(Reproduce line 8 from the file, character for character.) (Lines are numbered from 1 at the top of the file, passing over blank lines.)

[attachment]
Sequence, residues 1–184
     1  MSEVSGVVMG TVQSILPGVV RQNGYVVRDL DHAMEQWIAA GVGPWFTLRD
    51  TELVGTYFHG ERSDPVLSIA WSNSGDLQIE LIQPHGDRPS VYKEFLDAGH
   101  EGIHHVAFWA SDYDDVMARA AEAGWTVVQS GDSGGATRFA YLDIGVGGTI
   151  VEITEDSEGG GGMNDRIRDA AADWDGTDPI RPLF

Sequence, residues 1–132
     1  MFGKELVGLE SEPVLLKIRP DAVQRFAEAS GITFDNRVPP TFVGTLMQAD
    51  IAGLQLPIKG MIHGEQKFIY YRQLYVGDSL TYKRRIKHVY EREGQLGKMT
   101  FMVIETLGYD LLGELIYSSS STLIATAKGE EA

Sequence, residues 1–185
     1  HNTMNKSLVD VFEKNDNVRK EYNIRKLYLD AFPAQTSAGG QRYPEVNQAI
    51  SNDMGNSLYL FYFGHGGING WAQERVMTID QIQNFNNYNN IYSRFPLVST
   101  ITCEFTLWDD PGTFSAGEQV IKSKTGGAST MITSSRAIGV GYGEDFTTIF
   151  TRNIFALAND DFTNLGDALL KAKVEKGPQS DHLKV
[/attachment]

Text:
    51  IAGLQLPIKG MIHGEQKFIY YRQLYVGDSL TYKRRIKHVY EREGQLGKMT